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August 4, 2013 - Akita Kanto Matsuri
Tohoku is famous for three festivals or Matsuri's. Today, I visted the Akita Kanto Matsuri which is located a little over 4 hours from Tokyo via Shinkansen. The Matsuri runs between August 3rd and 6th between 7PM - 9PM'ish.
Before the official festival starts at 7:30, there is a small parade of different community groups. This part of the parade is quite fun and shows the sense of humor the Japanese have in spades once you get to know them.
I have started to travel more around Tohoku lately and I have noticed how warm they are along with how often they ask you where you are from. The people of Tokoku really are a hearty lot and only Hokkaido can compare to the natural beauty of the place. As such - all we can do is hope that things get better.
On the way to Akita today I was at Sendai station and there was a reasonably large earthquake close to Sendai in Ishinomaki (5.6 and the epicenter was around 90 kms away). Because of this - all trains were running late by at least an hour. This is just some of the things which they need to live with everyday. Just remember when you visit - that no-one died from the actual earthquake in 2011.
Below are a few photos showing the Kanto's being hoisted up. It is quite interesting, and the skill of the participants are quite impressive. There are also many drummers and flutists playing which adds to the general atmosphere.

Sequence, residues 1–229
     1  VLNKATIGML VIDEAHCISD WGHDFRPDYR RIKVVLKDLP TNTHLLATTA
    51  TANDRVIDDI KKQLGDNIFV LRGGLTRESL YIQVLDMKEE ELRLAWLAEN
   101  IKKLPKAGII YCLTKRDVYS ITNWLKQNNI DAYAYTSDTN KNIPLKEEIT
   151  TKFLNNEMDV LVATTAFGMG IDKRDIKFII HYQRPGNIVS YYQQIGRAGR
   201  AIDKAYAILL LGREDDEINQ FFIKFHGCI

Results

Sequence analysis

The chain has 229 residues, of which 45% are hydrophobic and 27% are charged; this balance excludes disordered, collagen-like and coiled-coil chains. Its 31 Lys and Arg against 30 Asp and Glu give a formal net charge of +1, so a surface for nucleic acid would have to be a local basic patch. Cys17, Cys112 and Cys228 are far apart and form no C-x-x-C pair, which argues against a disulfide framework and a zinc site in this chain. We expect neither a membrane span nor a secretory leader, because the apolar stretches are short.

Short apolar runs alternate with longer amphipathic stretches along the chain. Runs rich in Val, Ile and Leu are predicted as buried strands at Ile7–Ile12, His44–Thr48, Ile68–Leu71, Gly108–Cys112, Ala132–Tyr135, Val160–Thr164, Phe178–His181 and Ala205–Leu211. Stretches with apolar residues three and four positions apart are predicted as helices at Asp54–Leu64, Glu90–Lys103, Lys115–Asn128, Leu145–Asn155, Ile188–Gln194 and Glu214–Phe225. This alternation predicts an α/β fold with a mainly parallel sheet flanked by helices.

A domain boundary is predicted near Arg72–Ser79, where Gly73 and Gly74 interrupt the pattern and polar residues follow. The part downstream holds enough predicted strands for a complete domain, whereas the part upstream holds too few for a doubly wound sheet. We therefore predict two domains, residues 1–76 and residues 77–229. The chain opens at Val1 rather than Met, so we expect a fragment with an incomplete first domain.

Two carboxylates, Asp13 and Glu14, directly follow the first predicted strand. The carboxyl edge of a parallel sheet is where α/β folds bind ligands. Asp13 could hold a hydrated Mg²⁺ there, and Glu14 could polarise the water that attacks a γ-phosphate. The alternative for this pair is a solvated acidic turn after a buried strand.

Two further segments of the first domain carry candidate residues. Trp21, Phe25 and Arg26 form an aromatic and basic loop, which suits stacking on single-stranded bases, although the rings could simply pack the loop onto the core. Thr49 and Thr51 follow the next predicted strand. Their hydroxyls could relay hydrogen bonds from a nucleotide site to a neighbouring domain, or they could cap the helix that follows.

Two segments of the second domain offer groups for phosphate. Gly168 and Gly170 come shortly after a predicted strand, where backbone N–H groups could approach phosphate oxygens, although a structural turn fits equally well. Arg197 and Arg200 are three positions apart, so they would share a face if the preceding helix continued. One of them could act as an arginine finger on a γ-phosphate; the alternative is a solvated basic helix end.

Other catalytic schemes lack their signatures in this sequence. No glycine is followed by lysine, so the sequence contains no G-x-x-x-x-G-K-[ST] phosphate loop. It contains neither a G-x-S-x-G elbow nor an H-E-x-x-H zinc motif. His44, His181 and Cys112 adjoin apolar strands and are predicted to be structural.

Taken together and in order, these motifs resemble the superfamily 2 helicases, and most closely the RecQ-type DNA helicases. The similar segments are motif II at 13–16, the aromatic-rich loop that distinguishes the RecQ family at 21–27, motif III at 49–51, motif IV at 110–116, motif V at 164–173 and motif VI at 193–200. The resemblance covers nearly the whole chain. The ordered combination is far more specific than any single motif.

The Kanto is resting on this mans hip which is quite amazing. They also rest it on their head and palm.
All of the local performances are sponsored by different companies. It's quite sad when I know this person is advertising an unnamed pre-cooked rice which you can heat in the microwave.
They start the kids early here - and they actually do try it. I was however lucky that I did not try it at the same time as some of these little kids like they do sometimes during the day. I tend to have a tendency to embarrass myself in front of a large crowd much to the enjoyment of the locals.
The longer I live in Japan the more I become enchanted by it's culture. Coming to large and small festivals is seeing the real Japan. I see many Japanese as living hard and playing hard. Such festivals allows the local population to blow off steam along with showing tourists that they are not just people that follow instructions and want social cohesion.
If there is something which I would recommend - it's to come to Tohoku. I'm lucky enough to also visit Aomori and the Shimokita Peninsula in the next couple of days.